Dominique Strauss-Kahn, in his first interview since his May arrest in a sexual-assault case in Manhattan, said what happened in room 2806 in New York’s Sofitel Hotel “involved no violence, no coercion, no aggression.”
The former head of the International Monetary Fund and a one-time leading potential Socialist Party contender for the French presidency called his encounter with a chambermaid at the hotel a “moral failing” and apologized to his family, friends, and to “the French people.”
“What happened was more than an inappropriate relationship; it was an error,” Strauss-Kahn, who returned to France on Sept. 4, said in an interview on TF1 television yesterday. “I regret it infinitely.”
Strauss-Kahn, 62, was charged with attempting to rape and sexually assault the chambermaid at the Sofitel Hotel in Manhattan. The case was thrown out last month, even though police determined there had been a sexual encounter between Strauss-Kahn and his accuser. New York prosecutors decided not to pursue a criminal case after they determined that his accuser had lied repeatedly to them and others.
“I was frightened,” DSK, as he is known in France, said in the 20-minute-long interview when asked about his nights in a New York prison and his handcuffed “perp” walk. “When you’re in the jaws of that machine you feel it can chew you up. I was humiliated before I could even say a word in my defense.”
Strauss-Kahn was taken off an Air France flight at John F. Kennedy International Airport in Queens, New York, on May 14, hours after Diallo accused him of trying to rape her in his Sofitel suite.
He was interviewed yesterday by Claire Chazal, a friend and former colleague of his wife, Anne Sinclair. He still faces a civil suit by the New York maid, Nafissatou Diallo. In France, investigators are probing allegations that he tried to rape writer Tristane Banon eight years ago, a claim he has denied.
Although Strauss-Kahn acknowledged he acted immorally, he didn’t explain any details of what happened on May 14, Douglas Wigdor, Diallo’s lawyer, said in an e-mailed statement.
“That is inexcusable,” Wigdor said. “We are confident that people will see his interview with his wife’s friend for what it was -- a desperate ploy to gain sympathy with the French public.”
The interview was watched by a peak of 13.45 million viewers, or 47 percent of those watching television, a record audience for any show this year and the largest for the evening news since urban riots in France in November 2005, media viewership measurement service Mediametrie said.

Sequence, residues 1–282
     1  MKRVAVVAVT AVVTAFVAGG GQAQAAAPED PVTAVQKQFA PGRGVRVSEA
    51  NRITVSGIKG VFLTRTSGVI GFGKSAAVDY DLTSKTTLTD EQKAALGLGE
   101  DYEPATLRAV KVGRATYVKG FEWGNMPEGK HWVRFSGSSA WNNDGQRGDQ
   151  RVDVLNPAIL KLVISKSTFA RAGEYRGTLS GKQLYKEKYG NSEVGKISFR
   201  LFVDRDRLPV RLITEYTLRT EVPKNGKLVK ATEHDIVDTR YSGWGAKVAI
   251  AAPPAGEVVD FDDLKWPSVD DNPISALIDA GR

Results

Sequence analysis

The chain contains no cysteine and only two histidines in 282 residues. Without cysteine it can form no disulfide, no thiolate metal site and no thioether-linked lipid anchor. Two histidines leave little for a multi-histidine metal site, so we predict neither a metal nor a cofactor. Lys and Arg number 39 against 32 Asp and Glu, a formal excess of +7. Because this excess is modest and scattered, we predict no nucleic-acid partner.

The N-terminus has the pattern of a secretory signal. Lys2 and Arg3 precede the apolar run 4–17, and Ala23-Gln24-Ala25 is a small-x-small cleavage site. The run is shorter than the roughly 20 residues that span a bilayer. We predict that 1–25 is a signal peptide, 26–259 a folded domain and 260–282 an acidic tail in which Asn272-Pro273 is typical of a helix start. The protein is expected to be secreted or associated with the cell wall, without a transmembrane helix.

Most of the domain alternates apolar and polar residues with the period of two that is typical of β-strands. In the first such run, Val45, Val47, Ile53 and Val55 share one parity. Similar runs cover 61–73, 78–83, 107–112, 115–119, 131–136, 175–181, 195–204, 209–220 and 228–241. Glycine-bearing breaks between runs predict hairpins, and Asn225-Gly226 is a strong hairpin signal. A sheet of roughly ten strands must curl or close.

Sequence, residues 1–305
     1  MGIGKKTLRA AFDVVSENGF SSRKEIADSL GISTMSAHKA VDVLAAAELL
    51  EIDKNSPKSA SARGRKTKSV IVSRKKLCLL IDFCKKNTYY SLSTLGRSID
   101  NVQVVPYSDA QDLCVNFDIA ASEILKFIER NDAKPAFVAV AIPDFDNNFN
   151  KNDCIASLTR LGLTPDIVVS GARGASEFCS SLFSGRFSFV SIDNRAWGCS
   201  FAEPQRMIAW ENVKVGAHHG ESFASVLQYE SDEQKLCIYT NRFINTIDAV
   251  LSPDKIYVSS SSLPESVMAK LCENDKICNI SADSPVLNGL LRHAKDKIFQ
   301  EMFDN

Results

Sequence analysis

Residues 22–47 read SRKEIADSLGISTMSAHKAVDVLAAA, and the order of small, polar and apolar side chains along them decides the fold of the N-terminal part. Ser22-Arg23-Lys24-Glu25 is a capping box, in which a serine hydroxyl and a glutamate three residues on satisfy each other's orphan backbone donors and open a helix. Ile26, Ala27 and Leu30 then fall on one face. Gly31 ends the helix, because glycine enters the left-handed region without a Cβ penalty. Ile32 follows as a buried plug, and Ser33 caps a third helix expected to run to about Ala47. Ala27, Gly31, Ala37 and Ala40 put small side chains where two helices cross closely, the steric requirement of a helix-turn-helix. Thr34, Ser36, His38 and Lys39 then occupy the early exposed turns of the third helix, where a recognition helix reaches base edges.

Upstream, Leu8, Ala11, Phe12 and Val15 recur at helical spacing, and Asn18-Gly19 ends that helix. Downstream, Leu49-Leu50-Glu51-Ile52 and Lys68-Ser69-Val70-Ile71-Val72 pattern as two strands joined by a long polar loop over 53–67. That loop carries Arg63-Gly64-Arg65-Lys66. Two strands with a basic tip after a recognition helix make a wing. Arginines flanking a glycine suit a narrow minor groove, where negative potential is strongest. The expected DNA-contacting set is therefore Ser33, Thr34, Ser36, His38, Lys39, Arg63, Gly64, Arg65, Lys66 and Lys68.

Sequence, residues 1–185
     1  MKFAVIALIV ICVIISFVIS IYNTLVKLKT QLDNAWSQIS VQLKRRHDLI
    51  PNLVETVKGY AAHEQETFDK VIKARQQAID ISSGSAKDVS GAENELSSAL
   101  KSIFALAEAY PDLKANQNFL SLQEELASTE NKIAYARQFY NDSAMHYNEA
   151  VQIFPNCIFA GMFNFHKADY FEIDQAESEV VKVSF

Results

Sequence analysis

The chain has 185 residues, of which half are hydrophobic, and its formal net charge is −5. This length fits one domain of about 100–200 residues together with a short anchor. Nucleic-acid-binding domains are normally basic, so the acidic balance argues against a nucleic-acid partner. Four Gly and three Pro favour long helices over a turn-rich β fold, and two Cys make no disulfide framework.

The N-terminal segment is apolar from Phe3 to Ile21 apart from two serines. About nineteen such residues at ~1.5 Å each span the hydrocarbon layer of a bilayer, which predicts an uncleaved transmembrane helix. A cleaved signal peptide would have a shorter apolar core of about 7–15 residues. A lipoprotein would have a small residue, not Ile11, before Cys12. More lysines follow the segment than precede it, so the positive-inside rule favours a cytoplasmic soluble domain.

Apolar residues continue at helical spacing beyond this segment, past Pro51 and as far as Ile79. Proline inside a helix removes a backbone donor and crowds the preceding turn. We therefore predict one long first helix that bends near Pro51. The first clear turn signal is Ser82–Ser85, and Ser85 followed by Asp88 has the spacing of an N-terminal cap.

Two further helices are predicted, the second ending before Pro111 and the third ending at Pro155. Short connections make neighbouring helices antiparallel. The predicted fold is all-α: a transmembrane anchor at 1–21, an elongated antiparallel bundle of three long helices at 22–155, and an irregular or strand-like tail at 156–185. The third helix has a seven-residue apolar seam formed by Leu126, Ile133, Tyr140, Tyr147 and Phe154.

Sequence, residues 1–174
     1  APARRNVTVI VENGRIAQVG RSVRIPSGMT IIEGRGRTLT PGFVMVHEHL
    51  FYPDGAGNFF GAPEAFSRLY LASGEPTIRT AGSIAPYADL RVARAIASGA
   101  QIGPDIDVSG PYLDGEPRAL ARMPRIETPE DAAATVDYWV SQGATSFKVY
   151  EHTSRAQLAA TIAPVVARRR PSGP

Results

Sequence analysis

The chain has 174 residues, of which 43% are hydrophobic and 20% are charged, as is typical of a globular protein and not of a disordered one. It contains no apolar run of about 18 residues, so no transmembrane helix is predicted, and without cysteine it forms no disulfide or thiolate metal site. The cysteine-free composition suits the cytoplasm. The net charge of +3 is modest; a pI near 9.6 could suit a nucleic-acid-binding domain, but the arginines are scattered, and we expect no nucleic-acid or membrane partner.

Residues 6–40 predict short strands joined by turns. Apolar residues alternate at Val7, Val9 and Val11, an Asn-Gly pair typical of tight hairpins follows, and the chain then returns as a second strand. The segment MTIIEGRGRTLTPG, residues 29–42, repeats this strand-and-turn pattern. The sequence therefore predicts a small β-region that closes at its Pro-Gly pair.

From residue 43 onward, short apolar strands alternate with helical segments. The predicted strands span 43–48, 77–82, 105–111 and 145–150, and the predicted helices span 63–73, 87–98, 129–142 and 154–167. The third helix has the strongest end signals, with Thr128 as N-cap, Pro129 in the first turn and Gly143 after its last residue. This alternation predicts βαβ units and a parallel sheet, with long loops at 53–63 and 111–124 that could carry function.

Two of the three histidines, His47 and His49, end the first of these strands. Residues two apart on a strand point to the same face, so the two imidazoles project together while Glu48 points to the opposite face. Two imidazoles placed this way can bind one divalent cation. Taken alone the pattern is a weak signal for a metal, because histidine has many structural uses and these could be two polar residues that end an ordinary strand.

Strauss-Kahn said that Diallo’s story “was a complete lie” and that their encounter didn’t involve the payment of any money. He didn’t provide details about what he suggested was a consensual encounter.
The Banon case he said “didn’t involve any aggression, any violence,” calling her accusations “imaginary.”
He was questioned on Sept. 12 by Paris police in relation to the attempted rape complaint filed by Banon. In her July criminal complaint, she said that Strauss-Kahn assaulted her while she tried to interview him in 2003. He declined to comment on the case yesterday, saying the police investigation is continuing. He has filed a complaint with Paris prosecutors accusing Banon of slander.
Strauss-Kahn was greeted at TF1’s studios yesterday by a group of women protesters, Agence France-Presse said. Some carried a banner that said, “When a woman says no, it’s no.”
“I respect women,” Strauss-Kahn said when asked whether he has problems dealing with the opposite sex. “I reject that, though I understand the reaction.”
He also paid tribute to his wife for standing by him. “I couldn’t have faced this without her,” he said. “She’s an exceptional woman. I hurt her, I know.”
His wife, Sinclair, the 63-year-old New York-born granddaughter of Paul Rosenberg -- France’s biggest art merchant in the first half of the 20th century -- inherited paintings by Picasso, Matisse and Degas. She paid Strauss-Kahn’s New York legal bills.
Before he was charged in New York, Strauss-Kahn had been planning to run in the primaries for the Socialist Party nomination for the 2012 presidential vote, he said last night.
“I had thought I could be useful and bring some answers to the problems facing France,” he said. “Obviously all that is behind me.”
He said it was “important” that the left’s candidate win France’s next presidential elections, adding he had no intention of backing a candidate in this month’s Socialist Party primary.
“My whole life I’ve tried to work for the public good,” he said, when asked what he’d do next. “First I want to rest, then I’ll see.” He said he was “fascinated” by issues such as the demographic challenges facing Europe.
A majority of French people want him to stay out of politics, an Ifop poll for Le Journal du Dimanche yesterday showed.
Fifty-three percent of those polled want Strauss-Kahn to leave politics, the poll said, according to the newspaper. Sixty-four percent of those asked want Strauss-Kahn to give his views and solutions to the economic crisis.
Ifop polled 956 people aged 18 or older between Sept. 9 and Sept. 16 through phone interviews. No margin of error was given.
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